You’ll hear me speak about a Kill Chain approach. I’d like to share what I mean — We use “kill chains” to help decide how we should invest our time, money, and other resources to build our capabilities and gain an advantage over our adversaries. For example, to execute a successful attack, you have to:
1) Find the target;
2) Determine target’s location, course and speed;
3) Communicate that information coherently to the platform launching the weapon; and,
4) Launch the attack using anything from a kinetic weapon to electromagnetic systems to cyber.
For our own capabilities, we use this model to determine the most efficient and effective way to complete our kill chains. In particular, we emphasize chains we know the adversary will have difficulty breaking. A good example of this is undersea warfare. Not many of our potential adversaries are good at anti-submarine warfare..
To defeat our adversaries’ attacks, we look for the links where the adversary has a vulnerability and we have an advantage. When we break one of these links, if not all of them, we disrupt the kill chain and successfully defeat an adversary’s attack. A good example of this is using electronic warfare and jamming to prevent an adversary’s radar from seeing us. That disrupts the first link in the enemy’s kill chain – Find the target. Once that link is broken, the enemy has trouble completing the rest of the chain and attacking us.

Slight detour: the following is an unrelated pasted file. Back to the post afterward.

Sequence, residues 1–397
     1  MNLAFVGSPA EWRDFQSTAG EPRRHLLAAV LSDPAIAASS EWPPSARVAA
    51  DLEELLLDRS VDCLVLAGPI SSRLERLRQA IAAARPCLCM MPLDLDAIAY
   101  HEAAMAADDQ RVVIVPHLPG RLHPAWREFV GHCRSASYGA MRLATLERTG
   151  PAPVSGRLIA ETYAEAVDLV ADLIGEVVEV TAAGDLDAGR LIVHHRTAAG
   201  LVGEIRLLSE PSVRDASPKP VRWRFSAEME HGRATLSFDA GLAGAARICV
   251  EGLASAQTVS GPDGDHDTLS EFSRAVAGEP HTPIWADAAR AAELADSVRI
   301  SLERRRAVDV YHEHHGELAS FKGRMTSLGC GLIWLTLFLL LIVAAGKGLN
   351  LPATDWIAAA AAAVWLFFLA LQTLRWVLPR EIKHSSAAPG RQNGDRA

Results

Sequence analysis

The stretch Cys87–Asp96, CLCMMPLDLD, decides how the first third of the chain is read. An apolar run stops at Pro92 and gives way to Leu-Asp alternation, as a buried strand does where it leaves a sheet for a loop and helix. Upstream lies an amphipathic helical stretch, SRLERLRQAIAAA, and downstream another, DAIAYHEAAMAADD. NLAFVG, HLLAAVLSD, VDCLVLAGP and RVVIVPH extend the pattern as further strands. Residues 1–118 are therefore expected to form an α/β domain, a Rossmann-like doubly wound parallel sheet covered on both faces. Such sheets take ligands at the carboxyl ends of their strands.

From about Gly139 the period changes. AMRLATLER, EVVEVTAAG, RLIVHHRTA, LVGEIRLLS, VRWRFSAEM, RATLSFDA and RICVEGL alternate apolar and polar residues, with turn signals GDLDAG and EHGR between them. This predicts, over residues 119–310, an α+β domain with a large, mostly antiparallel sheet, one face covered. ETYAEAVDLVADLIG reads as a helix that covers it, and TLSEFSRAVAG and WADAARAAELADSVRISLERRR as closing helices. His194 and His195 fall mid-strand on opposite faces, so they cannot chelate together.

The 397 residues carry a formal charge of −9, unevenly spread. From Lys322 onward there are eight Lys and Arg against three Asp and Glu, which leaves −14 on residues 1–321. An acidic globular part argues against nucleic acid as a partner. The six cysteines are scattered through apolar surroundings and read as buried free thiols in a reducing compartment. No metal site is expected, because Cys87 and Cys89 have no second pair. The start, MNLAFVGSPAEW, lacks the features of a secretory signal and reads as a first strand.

So when we build a new weapon or improve an existing system, we need to understand how the kill chain will be affected or implemented.
I hope this helps you understand an aspect of our investment strategy as we work on today’s and tomorrow’s capabilities. I feel this kill chain approach, from end to end, will ensure our Sailors operating forward have the best capabilities they need to remain the preeminent maritime force.
Thanks, see you out there in the Fleet!
JONATHAN W. GREENERT
Admiral, U.S. Navy